Recently I had a reader write to me about Parental Alienation, and how difficult it has been for him to deal with. Parental Alienation, in simple terms, is defined when one, or both, of the divorced parents are behaving in such a way that they are contributing to alienating the other parent from their children.
According to Wikipedia, parental alienation is the process, and the result, of the psychological manipulation of a child into showing unwarranted fear, disrespect or hostility towards a parent and/or other family members. It is a distinctive form of psychological abuse, and family violence, towards both the child and the rejected family members that occurs almost exclusively in association with family separation or divorce, particularly where legal action is involved.
The literature suggests that alienating behaviors by both parents are common in high-conflict divorces and the main symptom is that the child or children, lack attachment to the alienated parent.
I went through a high conflict divorce, and I tried my best to keep my children out of it. Not because I liked him or even respected him, but because I didn’t want to harm my children. Unfortunately, what the alienating parent fails to understand is that they are harming their child by verbally attacking their father or mother.
Regardless as to how we feel about our exes, they are half of our children and when we put them down in front of our child it hurts them in many ways. It creates anxiety, insecurity, and affects their self-esteem. It makes them question if they can trust you or trust themselves. It makes them out of balance since they are learning to not believe in their own instincts and believe in what their parents are telling them. And, most importantly it adds a degree of unhappiness into their lives that they do not deserve.
When you are having a difficult situation with your ex, be the adult and take it directly to them, do not rehash it to the children or have them be your messenger. I know it’s not easy to do, especially when your anger is mounting, but take it outside or talk to a trusted friend instead. However, if your ex is, or has been abusive to you or your children, then just be truthful without drama.
I have created the Ten Commandments for Divorcing Parents. Not one of us is perfect, so let’s all try to do our best for our children and heed this.
A Divorcing Parent’s Ten Commandments:
1. Thou shalt not put another before the underage child. When we have underage children, they should be our primary focus, not the guy or gal we start dating.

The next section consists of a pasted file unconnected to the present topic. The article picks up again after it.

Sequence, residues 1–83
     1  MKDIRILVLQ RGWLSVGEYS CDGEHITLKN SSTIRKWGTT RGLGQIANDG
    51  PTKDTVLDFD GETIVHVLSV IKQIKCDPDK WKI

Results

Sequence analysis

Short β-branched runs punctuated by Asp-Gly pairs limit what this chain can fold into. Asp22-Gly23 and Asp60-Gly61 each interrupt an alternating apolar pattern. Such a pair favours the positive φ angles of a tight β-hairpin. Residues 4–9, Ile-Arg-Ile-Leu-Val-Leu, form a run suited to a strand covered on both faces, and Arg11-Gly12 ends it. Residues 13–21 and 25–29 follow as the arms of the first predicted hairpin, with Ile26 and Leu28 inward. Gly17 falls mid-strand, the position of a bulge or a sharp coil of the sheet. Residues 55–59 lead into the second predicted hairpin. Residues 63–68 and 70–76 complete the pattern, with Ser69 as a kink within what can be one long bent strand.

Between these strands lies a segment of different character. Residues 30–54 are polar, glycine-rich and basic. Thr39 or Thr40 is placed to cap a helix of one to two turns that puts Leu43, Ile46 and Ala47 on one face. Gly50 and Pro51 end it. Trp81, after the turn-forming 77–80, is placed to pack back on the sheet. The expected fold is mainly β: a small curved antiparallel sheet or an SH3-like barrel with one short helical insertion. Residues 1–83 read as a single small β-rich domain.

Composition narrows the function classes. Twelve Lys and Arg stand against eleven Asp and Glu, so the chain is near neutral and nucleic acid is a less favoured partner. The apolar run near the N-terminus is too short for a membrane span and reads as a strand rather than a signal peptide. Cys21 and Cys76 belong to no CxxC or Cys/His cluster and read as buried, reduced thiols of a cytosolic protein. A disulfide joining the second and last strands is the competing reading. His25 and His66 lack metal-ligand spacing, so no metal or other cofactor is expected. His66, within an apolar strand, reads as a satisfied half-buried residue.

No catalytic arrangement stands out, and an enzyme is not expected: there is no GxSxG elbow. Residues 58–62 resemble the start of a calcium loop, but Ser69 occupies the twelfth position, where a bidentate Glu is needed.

2. Thou shalt not show the children the divorce papers. Yes, I know you will be tempted to show your children all the horrible things he/she has done, but what will you gain by doing that?
3. Thou shalt not curse the exes name in front of the children. Walk outside, write in a journal, curse him or her to your friends, but not to the children. This is probably the hardest thing to do, but it is really important. Remember your child is half of that other parent
4. Remember to hold dear, above all else, the schedule, but be flexible when need be. Be responsible and show your children you care enough to be there for them, but be flexible when you can be if the other parent is having a conflict. Having a routine or schedule allows the children some level of normalcy.
5. Teach them to honor both mother and father. Yes, this is a toughie when you despise the other parent, but it will be worth it. Remember, at times when we have nothing nice to say, say nothing.
6. Thou shalt not kill the child’s image of their parent. Our children love us unconditionally, at least until they are young adults and know everything. Let their image of the other parent stay as they see it, in time the truth will come out without you having to say a word.
7. Though shalt not commit to other children, before their own. Oftentimes parents remarry and start new families. It’s important to remember ALL your children. Let your children know that you love them and will always be there for them. Assure them and reassure them continually that even though their lives are changing, you will always be a constant in their life, then stick to it.
8. Thou shalt let the children know it is not their fault. It’s is imperative to let your children know the divorce was not their fault. Children believe they are the center of the universe and internalize. Their inner thoughts can become – if I tried harder in school … didn’t fight as much with my brother … if I didn’t answer my parents back … and the list goes on. Children need to hear that the decision to divorce had nothing to do with them.
9. Thou shalt not lie to their children. Just as we shouldn’t tell our children everything about the divorce, we shouldn’t lie to them about facts either. If your child asks you specific questions do your best to answer truthfully without emotion. If their other parent has skipped town and you have no idea where they are, be honest. Don’t lie on their behalf.
10. Thou shalt not harm the child’s relationship with the other parent. Do not try to undermine your child’s relationship with their other parent. Do not play games with the other parent’s visitation because you are angry with your ex. If you do, you are being a parental alienator and that is not being the best parent you can be.
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Has been writing most of her adult life on various topics important to women and children. If you are contemplating divorce, then you should check out her e-book.
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